‘By means of a simple trick, even the worst assimilationist can be carried away, at least for a moment, by the Jewish national enthusiasm: take a few hundred Jewish youths, dress them in uniform and parade them before his eyes—in a regular procession, in which every step of these two hundred kids sounds like thunder—as if he were looking at a machine. There is nothing in the world so impressive as the ability of the human mass to feel and act at certain moments as a single being, imbued with a single will, in a single rhythm. This is what distinguishes the multitude, the mob, and the nation.’
His most detailed reference to his relationship with the Arabs was in his 1923 essay called ‘The Iron Wall’. In it, Jabotinsky argued that the Palestinian Arabs would not agree to a Jewish majority in Palestine and that ‘Zionist colonialism must either be stopped or continued independently of the indigenous peoples’. (The word colonialism was sometimes used by the Zionists, but of course not to refer to an activity such as that of the Dutch East India Company, since they were not seeking to exploit a land for the economic interests of a distant country, but to establish a Jewish state on the former land of their ancestors). For Jabotinsky, this meant that the building of the Jewish state can only continue and develop under the protection of a power that is independent of the indigenous population and the Jewish state can only exist behind an iron wall that ‘the indigenous population cannot break through’.
The only way to achieve peace and a Jewish state on the land of Israel, he argued, would be for Jews to first establish a strong Jewish state, which would eventually lead the Arabs to ‘drop their extremist leaders whose slogan is “never” and hand over leadership to moderate groups who will come to us with the proposal that we both agree to mutual concessions.’
Jabotinsky thus held a complex view: he emphasised the value of the individual over the state, but he considered the nation to be even more important than the individual. And the twists and turns of his practical politics can also be traced back to his stateless statesmanship: although he was critical of the excesses of the monster state, he needed a state—a Jewish state. His followers themselves often described Jabotinsky in simplistic terms, for example by portraying him as a ‘Jewish Mussolini’ in their Palestinian Hebrew newspaper. Their leader sought to check their extremist sympathies, with varying degrees of success.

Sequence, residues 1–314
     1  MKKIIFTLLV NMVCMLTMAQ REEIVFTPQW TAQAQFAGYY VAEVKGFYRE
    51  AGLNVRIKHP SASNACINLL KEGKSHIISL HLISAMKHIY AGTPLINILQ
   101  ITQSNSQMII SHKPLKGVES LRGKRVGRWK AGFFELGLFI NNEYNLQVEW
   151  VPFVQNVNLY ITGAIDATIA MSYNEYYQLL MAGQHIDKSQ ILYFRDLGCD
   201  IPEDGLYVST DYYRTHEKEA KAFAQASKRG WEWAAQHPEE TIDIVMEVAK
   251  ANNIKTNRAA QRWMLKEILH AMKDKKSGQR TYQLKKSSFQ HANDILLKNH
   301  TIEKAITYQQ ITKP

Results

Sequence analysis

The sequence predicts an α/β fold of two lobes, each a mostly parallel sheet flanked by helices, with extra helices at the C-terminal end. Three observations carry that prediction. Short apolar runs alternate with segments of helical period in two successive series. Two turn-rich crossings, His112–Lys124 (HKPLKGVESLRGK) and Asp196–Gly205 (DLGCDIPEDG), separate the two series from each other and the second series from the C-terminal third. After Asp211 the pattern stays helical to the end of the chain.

But Jabotinsky’s influence has not been limited to right-wing Zionism.
Today, he is one of the most important and most widely quoted political thinkers in Israel
—this is obvious if we consider the number of parties that seek to represent his legacy, and perhaps even more tellingly, the many streets that bear his name. The pervasive presence of Jabotinsky in Israeli collective consciousness is very well illustrated by an Israeli news portal not long ago referring to him—erroneously—as the founder of Likud.
Since 2005, Israel has had a Memorial Day to honour Jabotinsky (Tammuz 29, the day of his death on 4 August 1940, according to the Hebrew calendar). At a 2017 celebration, Netanyahu said: ‘I have Jabotinsky’s works on my shelf, and I read them often.’ He also highlighted that he keeps the Zionist leader’s sword in his office. The Israeli Prime Minister reminded that the essence of Jabotinsky’s philosophy was national self-defence and the strengthening of Jewish culture.
The values that Netanyahu believes in and that guide him in this current war are largely inspired by Jabotinsky—and this may explain why his responses to Palestinian terrorism show a strong nationalist, militant streak and why his worldview has little to do with today’s liberalism.